Is the Resentment Against Refugees Growing in Poland?

Rising rents and longer queues to the doctor

12 April 2022

Adam Leszczyński

Marcin Król Fellow

Underfinanced and overburdened Polish social services created a very welcome opportunity for the extreme right to capitalise on the inflow of Ukrainian refugees. Will they manage to sway Polish public opinion?

When Kirill, a 17-year old refugee from Ukraine, had his birthday, Klaudia from Ząbkowice Śląskie — a small town in southern Poland, where he was staying as a guest of her family — wanted to give him a present. The boy needed a new smartphone: the one he was using was 6 years old and had a broken screen.

So Klaudia wrote a post on a local Facebook group asking people to chip in. The cheapest new phone she found was about 100 euros. 

Then the outrage started. The discussion has — at the time of writing — almost 380 comments. A lot of them are full of hatred and spite. ‘There are also poor children in Poland and they don’t have many things…’ — wrote one woman which garnered 190 likes. ‘It starts from the phones, and soon we will pay for their houses’ — added another man. ‘THIS IS TOO MUCH, HOW YOU DARE TO ASK FOR MONEY TO BUY A NEW PHONE. (…) WE NEED TO START HELPING POLES, OUR PEOPLE. THERE ARE MANY OLDER PEOPLE IN NEED AND SICK CHILDREN’ — wrote another woman  (117 likes, all caps).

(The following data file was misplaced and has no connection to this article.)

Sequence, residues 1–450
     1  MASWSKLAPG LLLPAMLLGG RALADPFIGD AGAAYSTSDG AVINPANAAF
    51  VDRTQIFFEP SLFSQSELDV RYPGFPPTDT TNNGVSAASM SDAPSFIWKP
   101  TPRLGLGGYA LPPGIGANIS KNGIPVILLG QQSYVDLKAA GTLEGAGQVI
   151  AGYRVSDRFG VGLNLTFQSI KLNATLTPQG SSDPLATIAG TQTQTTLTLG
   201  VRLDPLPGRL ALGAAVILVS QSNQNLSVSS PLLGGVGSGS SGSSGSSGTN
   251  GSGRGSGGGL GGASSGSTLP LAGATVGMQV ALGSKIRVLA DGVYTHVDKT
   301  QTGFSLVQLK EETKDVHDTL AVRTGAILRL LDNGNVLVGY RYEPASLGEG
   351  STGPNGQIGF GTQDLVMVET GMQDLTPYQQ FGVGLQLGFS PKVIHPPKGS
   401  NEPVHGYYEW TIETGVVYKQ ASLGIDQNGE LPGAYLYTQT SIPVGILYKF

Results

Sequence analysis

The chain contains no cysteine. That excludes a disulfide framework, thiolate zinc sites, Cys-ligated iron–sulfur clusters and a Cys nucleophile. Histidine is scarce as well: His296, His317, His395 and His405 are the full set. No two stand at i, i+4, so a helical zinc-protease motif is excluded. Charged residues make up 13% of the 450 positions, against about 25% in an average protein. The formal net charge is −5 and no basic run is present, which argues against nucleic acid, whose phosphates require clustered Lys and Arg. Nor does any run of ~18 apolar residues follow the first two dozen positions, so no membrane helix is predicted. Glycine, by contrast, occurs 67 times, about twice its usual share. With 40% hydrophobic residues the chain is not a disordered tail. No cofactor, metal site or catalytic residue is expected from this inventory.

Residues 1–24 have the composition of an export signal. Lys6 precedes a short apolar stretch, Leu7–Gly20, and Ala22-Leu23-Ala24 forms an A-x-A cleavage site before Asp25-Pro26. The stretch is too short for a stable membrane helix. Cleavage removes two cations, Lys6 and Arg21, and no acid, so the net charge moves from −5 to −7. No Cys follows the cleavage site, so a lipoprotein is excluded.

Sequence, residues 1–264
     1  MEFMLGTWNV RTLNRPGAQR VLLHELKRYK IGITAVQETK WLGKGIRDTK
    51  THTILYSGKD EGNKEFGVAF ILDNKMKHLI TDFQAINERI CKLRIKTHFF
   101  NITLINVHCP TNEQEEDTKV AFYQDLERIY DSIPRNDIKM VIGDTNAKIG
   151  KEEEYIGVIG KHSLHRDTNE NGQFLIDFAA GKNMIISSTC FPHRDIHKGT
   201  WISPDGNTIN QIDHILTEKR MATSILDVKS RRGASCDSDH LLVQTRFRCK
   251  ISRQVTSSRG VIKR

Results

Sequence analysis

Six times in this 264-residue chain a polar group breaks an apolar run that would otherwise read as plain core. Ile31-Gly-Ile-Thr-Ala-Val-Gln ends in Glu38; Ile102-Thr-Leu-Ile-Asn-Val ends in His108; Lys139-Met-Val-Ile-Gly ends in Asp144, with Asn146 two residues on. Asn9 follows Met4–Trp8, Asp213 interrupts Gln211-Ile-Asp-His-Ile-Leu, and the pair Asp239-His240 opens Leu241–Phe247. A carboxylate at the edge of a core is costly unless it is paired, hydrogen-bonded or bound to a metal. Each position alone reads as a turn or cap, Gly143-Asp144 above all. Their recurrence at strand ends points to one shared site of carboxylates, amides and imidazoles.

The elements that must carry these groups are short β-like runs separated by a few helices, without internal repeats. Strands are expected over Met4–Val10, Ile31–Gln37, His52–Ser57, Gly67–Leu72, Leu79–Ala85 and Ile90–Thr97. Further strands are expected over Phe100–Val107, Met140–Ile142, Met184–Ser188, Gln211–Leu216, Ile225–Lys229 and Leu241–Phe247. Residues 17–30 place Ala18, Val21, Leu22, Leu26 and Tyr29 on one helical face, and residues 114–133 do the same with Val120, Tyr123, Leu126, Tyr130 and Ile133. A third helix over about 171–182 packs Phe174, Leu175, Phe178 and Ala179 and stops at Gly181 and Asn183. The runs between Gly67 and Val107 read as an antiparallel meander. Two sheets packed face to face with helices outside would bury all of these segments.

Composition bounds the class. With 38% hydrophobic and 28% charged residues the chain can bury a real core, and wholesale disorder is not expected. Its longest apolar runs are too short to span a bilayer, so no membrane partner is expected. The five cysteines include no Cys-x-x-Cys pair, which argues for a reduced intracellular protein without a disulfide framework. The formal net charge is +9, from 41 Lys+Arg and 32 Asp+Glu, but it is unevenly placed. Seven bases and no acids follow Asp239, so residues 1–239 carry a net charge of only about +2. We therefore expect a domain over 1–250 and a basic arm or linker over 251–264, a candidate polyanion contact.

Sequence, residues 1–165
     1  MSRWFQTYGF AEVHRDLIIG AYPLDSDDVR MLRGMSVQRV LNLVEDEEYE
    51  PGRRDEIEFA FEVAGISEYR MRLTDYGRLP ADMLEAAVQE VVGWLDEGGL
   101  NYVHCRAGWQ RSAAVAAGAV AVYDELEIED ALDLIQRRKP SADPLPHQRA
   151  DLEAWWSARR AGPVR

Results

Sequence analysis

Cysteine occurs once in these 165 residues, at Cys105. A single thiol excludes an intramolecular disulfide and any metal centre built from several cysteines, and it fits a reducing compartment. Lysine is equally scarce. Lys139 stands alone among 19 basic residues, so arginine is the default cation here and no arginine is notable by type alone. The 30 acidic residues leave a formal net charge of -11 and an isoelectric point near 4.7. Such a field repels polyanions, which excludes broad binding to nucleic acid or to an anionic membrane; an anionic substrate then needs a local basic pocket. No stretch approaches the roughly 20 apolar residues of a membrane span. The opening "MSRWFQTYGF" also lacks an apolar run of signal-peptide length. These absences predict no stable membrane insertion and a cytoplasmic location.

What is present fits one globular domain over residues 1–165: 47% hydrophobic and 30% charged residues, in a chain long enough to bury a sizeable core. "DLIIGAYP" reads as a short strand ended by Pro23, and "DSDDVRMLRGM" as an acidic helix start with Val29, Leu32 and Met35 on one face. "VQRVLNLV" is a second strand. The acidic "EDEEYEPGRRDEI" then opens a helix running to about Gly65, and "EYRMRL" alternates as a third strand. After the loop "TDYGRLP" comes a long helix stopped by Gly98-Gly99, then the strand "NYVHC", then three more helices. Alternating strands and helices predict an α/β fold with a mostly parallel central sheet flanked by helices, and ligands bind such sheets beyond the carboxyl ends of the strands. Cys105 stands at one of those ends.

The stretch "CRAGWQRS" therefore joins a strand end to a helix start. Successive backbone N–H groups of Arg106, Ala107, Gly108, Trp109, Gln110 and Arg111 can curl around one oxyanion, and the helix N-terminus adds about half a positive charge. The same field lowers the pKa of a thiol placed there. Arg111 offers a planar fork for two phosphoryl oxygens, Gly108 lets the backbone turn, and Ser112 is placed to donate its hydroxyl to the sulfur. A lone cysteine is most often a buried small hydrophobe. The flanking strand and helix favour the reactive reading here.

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Adam Leszczyński

Marcin Król Fellow

Marcin Król Fellow at Visegrad Insight. Journalist, sociologist and historian with an equal interest in academia as well as working as a senior writer at OKO.press, a non-profit, investigative journalist and fact-checking project, created to preserve freedom of speech and secure access to information in Poland. His main focuses are on Polish politics and history, with special emphasis on the government’s politics of memory.

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